Barry, John M.. The Great Influenza (pp. 333-334). Penguin Publishing Group. Kindle Edition. 

And one more – especially pronounced because it was written way before the pandemic:

So the first two items on the list are the lessons from 1918, which COVID has confirmed: 

Number one, tell the truth. 

Number two, NPIs work.

Barry, John M.. The Great Influenza (p. 467). Penguin Publishing Group. Kindle Edition. 

The author notes that not only the newspapers were silent, but also almost no works of literature mention the Spanish flu pandemic (that prompted me to start actively looking for such books, found some). You can’t stop thinking that our COVID memories might vanish in less than a hundred years! And you can’t stop thinking that the Spanish flu lessons were not learned!

Black Cinema – It All Started In Chicago

I listened to this show on WBEZ when it was first aired (about ten days ago), and meant to go back and find the link on the WBEZ site. Then, Igor emailed me about the same show several days later, and I thought – I have to post it – and then life happened…

So, before I forget about it again – here is it! Like many other things, Black Cinema started in Chicago Southside. Like it happened to most of the silent movies – almost none survived. Still, we know something about the first producers and actors, and what these movies were about, and how they were received.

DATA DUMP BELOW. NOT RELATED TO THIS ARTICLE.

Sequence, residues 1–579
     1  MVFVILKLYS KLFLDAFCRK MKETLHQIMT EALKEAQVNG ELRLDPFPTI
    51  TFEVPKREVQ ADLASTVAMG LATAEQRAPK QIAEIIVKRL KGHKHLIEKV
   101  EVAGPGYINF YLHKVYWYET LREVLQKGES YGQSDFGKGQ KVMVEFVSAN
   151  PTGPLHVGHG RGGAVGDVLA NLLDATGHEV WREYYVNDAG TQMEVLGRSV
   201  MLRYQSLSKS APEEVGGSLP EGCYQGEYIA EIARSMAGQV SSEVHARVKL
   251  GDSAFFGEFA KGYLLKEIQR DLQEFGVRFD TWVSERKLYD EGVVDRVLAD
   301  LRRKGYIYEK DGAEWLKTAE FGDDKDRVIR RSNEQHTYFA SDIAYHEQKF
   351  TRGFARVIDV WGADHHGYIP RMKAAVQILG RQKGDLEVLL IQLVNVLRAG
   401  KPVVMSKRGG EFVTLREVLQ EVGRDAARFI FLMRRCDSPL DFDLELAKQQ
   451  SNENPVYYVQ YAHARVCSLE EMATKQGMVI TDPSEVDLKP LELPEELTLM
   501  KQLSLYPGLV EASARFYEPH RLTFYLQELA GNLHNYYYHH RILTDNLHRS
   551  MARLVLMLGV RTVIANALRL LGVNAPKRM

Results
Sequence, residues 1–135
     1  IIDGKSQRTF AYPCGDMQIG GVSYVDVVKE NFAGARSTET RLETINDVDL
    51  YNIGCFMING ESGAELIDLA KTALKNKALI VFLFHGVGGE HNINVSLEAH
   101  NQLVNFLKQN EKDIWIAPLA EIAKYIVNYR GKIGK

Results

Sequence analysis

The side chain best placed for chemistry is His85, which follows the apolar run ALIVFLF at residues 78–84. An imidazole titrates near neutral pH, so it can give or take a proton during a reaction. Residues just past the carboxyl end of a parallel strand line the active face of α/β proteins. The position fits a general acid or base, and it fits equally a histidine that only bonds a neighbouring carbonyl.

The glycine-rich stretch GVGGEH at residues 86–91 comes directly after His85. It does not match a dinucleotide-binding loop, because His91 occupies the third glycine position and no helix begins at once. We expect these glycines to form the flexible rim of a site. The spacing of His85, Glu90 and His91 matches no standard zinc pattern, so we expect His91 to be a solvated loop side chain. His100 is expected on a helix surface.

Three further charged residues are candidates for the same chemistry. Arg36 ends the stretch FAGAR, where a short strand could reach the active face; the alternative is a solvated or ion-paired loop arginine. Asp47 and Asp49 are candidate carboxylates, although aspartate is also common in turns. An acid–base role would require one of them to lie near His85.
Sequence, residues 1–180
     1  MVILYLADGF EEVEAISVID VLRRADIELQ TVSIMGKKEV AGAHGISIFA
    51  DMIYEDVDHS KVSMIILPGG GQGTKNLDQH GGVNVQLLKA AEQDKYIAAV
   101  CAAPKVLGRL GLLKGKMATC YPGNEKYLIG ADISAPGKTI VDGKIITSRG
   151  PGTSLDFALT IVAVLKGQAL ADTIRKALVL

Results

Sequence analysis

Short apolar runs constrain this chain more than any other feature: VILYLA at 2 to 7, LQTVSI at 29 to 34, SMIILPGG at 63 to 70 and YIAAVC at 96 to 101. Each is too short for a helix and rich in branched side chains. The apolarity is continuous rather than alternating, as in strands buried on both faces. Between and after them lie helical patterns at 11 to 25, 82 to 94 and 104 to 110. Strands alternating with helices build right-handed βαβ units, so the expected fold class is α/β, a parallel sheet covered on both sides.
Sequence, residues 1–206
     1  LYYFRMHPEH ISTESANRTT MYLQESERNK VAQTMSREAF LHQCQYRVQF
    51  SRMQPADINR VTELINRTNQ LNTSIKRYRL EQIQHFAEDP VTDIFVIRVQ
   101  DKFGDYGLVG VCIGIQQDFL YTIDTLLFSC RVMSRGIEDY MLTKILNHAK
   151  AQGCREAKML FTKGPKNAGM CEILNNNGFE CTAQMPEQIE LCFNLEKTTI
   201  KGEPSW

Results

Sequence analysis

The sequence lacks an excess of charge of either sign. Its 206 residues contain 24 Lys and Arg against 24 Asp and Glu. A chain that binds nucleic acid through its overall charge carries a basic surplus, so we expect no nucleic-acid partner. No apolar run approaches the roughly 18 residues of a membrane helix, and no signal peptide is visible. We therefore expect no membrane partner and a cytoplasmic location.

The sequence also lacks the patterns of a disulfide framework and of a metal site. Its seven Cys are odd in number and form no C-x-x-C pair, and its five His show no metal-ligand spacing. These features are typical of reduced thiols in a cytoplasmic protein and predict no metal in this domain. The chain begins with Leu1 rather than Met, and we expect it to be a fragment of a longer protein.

When you visit that link, please make sure not only to read the story but also listen to the recording of the episode – it has more interesting facts!

Open House Chicago 2021 – Part 2

The next neighborhood we visited was Bridgeport. I never knew Chicago had a maritime museum, but there it was! The building where the Chicago Maritime Museum is located is a former Spiegel Catalogue Warehouse, on the banks of Bubbly Creek (Now, it’s a Bridgeport Art Center, and the Maritime Museum is in the basement).

The museum is wonderful; honestly, it’s a pity it is so far from the Loop! If it were closer, I would take more people there :).

One of the curators explained to us how the large ships could not sail in the Chicago River because it has so many bends